Herbal tea, black tea, green tea, masala chai, and the list goes on. There are endless tea varieties across the globe – experts estimate the number to be in the thousands.
Part 1: All About Darjeeling Teas
You are wondering what makes Darjeeling tea so special? Join us in our two-part series as we discuss all you need to know about Darjeeling teas.
Tracing the History of Darjeeling Tea
Darjeeling is home to some of the best tea plantations in the world. It is tucked away in a quiet corner in the foothills of the Himalayas in the West Bengal. It is said that the harsh winds of the Himalayas give Darjeeling tea the unique aroma it is famous for.
The history of Darjeeling tea is rather intriguing. It wasn’t the Indians who first Darjeeling tea. Robert Fortune, a famous Scottish adventurer, and botanist smuggled some tea seeds from the region. The botanist followed a treacherous road with skewed paths to give the gift of the Darjeeling to India and the British rulers who lived there.
The British wanted their own supply of tea instead of relying on the Chinese. This desire to take away the tea ‘monopoly’ from Chinese traders led to the formation of one of the first hill resorts in Darjeeling with the specific purpose of brewing tea.
Darjeeling had all the right numbers needed to brew the perfect batch of tea leaves. Darjeeling has cool weather, lots of sunlight, and unique topography to cultivate the highest quality of tea leaves.
Darjeeling has elevations ranging from 150 to 2100 meters, with an annual rainfall of 65 to 145 inches. The mean temperature fluctuates from 75 F to 52 F, before dropping into the 40s during winter. Being a skilled horticulturist who knew his craft, Dr. Campbell led the first Darjeeling project. He planted a few tea plants imported from China in 1841. The rest, as they say, is history.
By 1866, Darjeeling became a powerhouse known for producing over 130,000lbs of tea a year. Indian horticulturists acquired control of the Darjeeling tea gardens from the British after independence. Darjeeling tea managed to carve a name for itself despite the political upheavals throughout its history.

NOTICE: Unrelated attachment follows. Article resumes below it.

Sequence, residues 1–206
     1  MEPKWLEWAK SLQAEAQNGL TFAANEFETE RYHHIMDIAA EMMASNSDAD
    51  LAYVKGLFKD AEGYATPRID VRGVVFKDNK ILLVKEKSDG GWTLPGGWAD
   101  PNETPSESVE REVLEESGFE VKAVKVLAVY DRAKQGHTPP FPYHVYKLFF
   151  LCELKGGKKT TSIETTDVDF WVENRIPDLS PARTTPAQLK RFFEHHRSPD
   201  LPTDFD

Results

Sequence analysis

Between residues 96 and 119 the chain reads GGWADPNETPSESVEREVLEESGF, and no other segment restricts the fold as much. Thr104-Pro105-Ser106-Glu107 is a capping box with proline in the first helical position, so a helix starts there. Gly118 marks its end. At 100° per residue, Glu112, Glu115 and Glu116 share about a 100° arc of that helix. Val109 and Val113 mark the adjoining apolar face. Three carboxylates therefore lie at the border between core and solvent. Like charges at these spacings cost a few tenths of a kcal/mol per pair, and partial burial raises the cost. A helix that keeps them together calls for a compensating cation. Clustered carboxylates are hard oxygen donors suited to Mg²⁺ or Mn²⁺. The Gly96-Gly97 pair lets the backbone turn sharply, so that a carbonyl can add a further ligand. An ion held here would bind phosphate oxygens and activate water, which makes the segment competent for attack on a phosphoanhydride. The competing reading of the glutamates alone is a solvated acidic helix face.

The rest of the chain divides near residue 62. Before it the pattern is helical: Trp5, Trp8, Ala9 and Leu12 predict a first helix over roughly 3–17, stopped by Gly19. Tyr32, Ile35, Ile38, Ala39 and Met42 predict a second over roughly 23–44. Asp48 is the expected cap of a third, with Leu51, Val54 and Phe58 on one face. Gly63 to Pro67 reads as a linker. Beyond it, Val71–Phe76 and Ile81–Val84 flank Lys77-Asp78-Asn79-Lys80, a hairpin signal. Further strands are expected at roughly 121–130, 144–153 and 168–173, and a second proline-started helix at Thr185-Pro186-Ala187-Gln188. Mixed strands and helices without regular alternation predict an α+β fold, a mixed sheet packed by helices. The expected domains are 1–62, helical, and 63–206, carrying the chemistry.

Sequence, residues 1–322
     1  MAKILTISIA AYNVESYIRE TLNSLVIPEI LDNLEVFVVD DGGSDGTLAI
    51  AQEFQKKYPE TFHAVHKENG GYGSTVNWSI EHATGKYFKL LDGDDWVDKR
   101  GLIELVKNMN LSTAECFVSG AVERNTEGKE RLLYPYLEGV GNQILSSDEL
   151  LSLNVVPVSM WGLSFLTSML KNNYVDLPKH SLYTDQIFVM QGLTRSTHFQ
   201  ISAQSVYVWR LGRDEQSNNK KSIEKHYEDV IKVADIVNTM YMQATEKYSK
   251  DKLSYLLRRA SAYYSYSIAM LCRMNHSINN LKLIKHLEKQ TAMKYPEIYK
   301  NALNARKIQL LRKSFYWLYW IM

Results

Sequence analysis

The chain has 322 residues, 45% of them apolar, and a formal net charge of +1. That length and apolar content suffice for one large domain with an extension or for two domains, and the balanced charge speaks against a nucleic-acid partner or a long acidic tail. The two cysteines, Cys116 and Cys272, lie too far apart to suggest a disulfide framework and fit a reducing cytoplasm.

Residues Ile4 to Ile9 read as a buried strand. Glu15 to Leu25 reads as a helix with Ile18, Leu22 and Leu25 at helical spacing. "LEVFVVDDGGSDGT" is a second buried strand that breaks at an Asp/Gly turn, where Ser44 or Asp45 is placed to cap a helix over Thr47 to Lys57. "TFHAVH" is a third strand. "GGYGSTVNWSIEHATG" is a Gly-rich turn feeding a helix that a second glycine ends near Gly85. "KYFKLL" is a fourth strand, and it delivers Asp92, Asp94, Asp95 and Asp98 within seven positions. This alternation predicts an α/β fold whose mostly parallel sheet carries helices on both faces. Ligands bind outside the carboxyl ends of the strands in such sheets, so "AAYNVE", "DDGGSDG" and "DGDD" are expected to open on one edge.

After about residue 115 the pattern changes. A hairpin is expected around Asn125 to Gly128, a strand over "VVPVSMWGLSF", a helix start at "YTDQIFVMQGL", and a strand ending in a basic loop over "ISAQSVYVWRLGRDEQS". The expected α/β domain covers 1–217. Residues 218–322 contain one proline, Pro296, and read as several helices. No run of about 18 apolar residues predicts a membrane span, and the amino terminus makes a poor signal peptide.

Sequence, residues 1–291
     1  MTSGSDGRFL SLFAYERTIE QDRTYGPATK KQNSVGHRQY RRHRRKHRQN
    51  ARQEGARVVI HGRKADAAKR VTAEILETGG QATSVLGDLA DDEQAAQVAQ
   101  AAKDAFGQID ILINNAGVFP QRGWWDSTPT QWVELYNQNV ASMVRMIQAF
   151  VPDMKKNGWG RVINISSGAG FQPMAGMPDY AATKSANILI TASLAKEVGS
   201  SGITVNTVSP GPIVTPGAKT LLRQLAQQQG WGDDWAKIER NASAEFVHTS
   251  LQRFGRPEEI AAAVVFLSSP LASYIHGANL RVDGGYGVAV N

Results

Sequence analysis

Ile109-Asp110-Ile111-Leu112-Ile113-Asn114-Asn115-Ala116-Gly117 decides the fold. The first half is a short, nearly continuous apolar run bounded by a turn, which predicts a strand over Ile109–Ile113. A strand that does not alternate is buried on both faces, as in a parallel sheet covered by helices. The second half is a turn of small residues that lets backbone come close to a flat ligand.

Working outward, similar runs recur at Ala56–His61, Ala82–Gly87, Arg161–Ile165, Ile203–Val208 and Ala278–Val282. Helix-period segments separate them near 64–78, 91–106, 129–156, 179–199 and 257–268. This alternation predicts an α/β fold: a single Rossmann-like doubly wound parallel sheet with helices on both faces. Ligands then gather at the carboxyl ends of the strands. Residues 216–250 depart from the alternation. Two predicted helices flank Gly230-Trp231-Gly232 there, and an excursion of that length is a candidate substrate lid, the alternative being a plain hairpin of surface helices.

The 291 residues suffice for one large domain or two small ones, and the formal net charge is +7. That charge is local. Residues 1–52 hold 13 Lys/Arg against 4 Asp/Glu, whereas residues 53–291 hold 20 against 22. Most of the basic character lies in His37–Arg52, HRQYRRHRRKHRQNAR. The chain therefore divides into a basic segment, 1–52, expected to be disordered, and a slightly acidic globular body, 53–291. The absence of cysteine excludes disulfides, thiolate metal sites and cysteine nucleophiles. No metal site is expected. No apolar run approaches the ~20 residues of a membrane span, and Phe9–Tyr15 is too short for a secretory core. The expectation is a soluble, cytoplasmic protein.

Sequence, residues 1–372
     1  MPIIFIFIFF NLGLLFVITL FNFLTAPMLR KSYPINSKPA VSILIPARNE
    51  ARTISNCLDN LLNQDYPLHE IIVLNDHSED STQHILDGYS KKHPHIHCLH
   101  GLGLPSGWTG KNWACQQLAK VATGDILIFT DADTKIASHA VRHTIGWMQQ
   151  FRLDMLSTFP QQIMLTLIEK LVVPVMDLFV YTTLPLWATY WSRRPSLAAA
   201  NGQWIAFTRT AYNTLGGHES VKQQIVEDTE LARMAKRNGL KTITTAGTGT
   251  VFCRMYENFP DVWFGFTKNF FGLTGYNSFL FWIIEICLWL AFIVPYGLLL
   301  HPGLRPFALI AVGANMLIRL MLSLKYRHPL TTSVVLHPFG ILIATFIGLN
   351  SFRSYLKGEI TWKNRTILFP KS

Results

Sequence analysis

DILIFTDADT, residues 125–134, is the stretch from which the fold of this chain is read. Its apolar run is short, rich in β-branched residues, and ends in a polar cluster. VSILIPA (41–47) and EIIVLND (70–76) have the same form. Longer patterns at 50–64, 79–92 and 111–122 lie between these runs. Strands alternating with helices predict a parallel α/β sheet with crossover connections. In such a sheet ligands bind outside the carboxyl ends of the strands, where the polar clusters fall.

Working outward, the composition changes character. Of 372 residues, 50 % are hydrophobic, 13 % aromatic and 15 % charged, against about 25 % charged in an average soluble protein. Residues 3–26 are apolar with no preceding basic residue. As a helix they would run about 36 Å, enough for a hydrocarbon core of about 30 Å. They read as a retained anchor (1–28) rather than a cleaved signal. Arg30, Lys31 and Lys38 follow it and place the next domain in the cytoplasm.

The Unique Taste Profile of Darjeeling Tea
Although experts believe there is no definitive way to describe the taste of Darjeeling tea truly, we will try to be as descriptive as possible.
Darjeeling has a muscatel, floral aroma with overtones of peach, apricot, and sometimes even cherry. Its texture has a welcome level of dryness and astringency that adds a sense of zest or tang.
Three prominent blends of Darjeeling are first flush, second flush, and third flush. Each flush is brisker than the one preceding it. Owing; partly to the oxidation levels of the tea leaves, each flush has its unique taste profile that ranges from light and delicate variants to robust and full-bodied ones.
What Does Darjeeling Tea do in the Human Body?
Darjeeling tea has been studied extensively in India for its health benefits. Evidence suggests that moderate consumption will slow aging and cellular damage. Darjeeling blends have an abundance of polyphenols and antioxidants that play an important role in preventing cancer and reducing the risk of chronic diseases.